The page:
New Delhi: The government should also shoulder “responsibility” for a series of accidents involving Indian Navy vessels and should be more “involved” in the functioning of the armed forces, noted strategic experts said Thursday, a day after navy chief Admiral D.K. Joshi resigned following the latest mishap, this time involving a submarine, that claimed two lives and left seven injured.
They also thought that “some good” could come out of the episode if the defence ministry introspected on the corrective measures required – for instance, why was the Indian Navy operating submarines that were a quarter-of-a-century old.
“The ministry should also take responsibility and take remedial measures,” former Indian Navy chief Admiral Arun Prakash told IANS by phone from Goa, calling for the “greater involvement” in the functioning of the armed forces.
“At the moment, they are quite far apart. In spite of the recommendations of various task forces, their dealings are only through letters and files,” he noted.
“In spite of repeated suggestions for integrations, the bureaucracy has steadfastly refused to act,” Admiral Arun Prakash said, adding: “They are treated as two different bodies as the government doesn’t want to get involved.”
He also felt that the entire episode could have been “handled better”.
“It could certainly have been handled better if the ministry was involved in the functioning of the armed forces,” Admiral Arun Prakash said, responding to criticism that the defence ministry acted with undue haste in accepting Admiral Joshi’s resignation.
“If the chief resigns, it suits everyone,” he added.
However, Defence Minister A.K. Antony on Wednesday defended the ministry’s action, saying Admiral Joshi personally requested that his resignation be accepted and “I consented”.
“I am very sad about the whole development. Admiral Joshi met me yesterday (Wednesday) and handed over the resignation letter and requested me to accept the letter with immediate effect, so I consented to it,” Antony told the media.
“He (the navy chief) was disturbed by the whole incident and claimed responsibility for the incident,” Antony added.
On Wednesday, the submarine, INS Sindhuratna, was undergoing sea trials 50 nautical miles (80 km) off Mumbai in the Arabian Sea when smoke suddenly filled one of its compartments.
Seven sailors were airlifted for treatment to the INHS Asvini naval hospital in south Mumbai, while two officers were reported missing. Their deaths were confirmed Thursday.
While this is the first time an Indian Navy chief has quit, the government on December 30, 1998, sacked Admiral Vishnu Bhagwat for airing his differences with the defence ministry in public.
Speaking about the future, Admiral Arun Prakash called for a thorough probe into the spate of recent accidents to discover whether there was a “common thread” or they were a “series of unfortunate mishaps”.
“The immediate task is to choose a new chief and then hold a wide ranging examination. Is anything really wrong, is there a common thread or are they just a series of unfortunate mishaps. Is there a cause and how do we fix it,” he said.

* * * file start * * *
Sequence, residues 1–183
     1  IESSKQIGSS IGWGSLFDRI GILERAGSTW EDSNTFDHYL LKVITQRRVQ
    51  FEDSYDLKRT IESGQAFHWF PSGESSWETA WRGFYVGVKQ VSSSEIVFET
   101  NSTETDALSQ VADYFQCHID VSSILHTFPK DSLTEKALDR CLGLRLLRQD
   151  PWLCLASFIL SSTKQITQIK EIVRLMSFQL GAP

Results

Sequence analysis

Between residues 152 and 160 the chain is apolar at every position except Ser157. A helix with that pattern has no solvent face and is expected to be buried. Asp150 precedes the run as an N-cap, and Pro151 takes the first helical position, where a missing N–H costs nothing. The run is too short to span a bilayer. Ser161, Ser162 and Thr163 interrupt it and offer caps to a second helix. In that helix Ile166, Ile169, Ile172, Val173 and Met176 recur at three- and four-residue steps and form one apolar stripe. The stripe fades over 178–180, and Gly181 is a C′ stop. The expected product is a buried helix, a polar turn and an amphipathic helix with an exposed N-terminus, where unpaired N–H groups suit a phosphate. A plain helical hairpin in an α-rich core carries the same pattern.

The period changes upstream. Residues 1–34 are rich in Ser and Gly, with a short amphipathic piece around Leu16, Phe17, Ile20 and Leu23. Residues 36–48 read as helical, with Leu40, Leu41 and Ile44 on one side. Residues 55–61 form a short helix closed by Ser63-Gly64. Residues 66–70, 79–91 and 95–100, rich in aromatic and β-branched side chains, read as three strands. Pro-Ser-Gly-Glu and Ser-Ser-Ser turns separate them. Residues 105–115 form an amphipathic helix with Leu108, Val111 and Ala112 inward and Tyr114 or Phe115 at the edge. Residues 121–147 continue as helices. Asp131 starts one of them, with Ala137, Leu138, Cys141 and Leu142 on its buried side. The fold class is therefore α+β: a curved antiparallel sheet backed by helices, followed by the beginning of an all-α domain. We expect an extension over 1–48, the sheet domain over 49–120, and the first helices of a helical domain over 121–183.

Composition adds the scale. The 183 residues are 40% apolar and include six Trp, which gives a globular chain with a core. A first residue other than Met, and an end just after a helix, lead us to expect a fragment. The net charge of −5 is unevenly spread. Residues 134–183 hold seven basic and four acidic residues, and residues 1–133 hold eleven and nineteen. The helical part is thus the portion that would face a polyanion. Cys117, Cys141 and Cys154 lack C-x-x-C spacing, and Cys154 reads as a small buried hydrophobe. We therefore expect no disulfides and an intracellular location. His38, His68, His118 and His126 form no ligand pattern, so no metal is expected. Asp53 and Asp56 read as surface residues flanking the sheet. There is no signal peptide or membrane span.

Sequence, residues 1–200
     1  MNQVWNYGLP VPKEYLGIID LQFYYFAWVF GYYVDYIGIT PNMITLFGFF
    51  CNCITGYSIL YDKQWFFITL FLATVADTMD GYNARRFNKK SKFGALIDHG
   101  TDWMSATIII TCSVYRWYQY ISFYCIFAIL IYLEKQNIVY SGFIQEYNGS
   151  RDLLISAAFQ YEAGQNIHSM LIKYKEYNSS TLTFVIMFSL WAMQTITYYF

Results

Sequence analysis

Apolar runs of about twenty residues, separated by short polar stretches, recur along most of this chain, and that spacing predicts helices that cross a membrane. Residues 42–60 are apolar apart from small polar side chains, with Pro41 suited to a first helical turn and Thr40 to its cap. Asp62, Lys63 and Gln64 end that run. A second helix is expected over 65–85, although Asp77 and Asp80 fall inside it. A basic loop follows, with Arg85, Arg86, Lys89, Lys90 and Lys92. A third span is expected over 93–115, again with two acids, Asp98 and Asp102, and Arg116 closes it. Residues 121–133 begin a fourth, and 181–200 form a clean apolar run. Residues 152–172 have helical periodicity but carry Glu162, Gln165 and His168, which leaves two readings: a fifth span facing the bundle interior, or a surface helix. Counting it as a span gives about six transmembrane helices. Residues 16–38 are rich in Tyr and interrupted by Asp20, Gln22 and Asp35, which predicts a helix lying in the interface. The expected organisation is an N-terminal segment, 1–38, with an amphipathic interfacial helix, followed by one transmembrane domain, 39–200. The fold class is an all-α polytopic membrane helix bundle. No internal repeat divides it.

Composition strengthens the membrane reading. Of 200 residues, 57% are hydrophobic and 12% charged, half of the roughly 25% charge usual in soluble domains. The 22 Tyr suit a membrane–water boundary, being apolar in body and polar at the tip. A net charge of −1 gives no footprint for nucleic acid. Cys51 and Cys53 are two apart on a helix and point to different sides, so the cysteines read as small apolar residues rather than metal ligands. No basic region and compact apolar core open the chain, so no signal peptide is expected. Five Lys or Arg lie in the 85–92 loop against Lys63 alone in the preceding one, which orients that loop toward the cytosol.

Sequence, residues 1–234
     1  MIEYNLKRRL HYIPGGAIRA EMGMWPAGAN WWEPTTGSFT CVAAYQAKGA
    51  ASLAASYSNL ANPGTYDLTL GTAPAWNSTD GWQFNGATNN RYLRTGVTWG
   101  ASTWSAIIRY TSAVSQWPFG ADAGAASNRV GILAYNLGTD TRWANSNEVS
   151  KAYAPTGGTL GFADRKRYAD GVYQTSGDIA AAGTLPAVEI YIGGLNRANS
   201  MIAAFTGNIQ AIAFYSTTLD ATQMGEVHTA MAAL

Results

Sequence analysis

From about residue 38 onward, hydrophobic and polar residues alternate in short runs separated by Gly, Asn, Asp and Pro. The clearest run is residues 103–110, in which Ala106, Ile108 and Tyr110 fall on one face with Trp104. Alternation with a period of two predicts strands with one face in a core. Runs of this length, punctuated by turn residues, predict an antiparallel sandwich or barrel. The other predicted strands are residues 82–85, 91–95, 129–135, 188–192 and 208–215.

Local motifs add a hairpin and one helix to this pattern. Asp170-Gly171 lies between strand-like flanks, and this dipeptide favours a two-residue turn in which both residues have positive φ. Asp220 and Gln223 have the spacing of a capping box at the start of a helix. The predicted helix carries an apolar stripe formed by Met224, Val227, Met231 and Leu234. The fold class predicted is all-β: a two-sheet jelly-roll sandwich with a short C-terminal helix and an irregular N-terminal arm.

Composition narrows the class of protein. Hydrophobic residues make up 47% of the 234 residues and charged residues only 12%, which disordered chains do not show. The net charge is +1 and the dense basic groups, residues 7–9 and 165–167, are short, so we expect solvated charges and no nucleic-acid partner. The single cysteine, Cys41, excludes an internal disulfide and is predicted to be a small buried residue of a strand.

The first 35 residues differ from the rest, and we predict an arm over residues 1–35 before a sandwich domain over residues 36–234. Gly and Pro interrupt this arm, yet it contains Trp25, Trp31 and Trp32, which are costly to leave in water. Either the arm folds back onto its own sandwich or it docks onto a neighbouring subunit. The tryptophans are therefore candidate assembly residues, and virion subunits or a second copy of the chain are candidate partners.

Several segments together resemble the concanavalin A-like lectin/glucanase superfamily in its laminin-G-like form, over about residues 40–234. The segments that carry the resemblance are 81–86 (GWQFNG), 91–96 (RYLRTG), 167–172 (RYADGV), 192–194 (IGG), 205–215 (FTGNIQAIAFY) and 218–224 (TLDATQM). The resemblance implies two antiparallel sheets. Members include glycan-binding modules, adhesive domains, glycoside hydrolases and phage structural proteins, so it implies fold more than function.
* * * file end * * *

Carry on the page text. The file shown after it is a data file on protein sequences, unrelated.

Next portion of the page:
On Wednesday evening, the defence ministry said the navy vice chief, Vice Admiral R.K. Dhowan will discharge the functions of the chief till a regular appointment of a new chief is made.
Rear Admiral (retd.) Raja Menon wondered whether the defence minister would bring about accountability, adding that ties between the services and the ministry had to improve.
“The question is, does he want to put in place a system of holding accountability,” he posed while speaking to IANS.
“The relationship between the services and the government has to improve,” he added.
Admiral Menon also hoped that Admiral Joshi’s resignation “will lead to introspection. This was an act of despair and it would be a great tragedy if he just goes away on pension and is forgotten”.
“If the government will only look at all the reports (on defence reforms and greater coordination), then some good will come of this,” he added.
Admiral Menon also questioned the tardy pace of the armed forces’ modernissation programmes.
“There is also the question of why we are running such old submarines. This one was 26 years old. This is because we have a defence minister that took six years to finalise the Scorpene project and once having done so, delayed it another three years. That’s a delay of nine years and is certainly not acceptable,” he contended.
India inked an accord in 2005 to produce at Mumbai’s Mazagon Docks Limited six French-Spanish Scorpene diesel-electric submarines, with an option for six more, under the transfer of technology route. Nine years later, not a single submarine has taken to the water.
C. Uday Bhaskar, distinguished fellow at the Society for Policy Studies, said Admiral Joshi’s action was “in keeping with the highest tradition of the services where, when things to wrong, the top man takes it on the chin”.
“At the same time, does the buck stop there? There are many issues on which the ministry has developed cold feet. For 20 years, we have been saying we need new submarines.”
“The health of the ministry is not receiving the attention it should, and so we have eruptions like this. This is an opportunity for a holistic review of all that ails the military,” Bhaskar contended.
The Indian Navy has been hit by a series of accidents in the past few months, raising concerns about its safety standards and operational preparedness.
The biggest accident involved fire on the INS Sindhurakshak and the subsequent sinking of the submarine in the Mumbai harbour Aug 14 last year. All the 18 personnel who were on board were killed.
Defence Minister Antony had, earlier this month, expressed concern over the accidents.
Antony said that even one accident was “serious” for him and there was need to strictly follow standard operating procedures and draw proper lessons.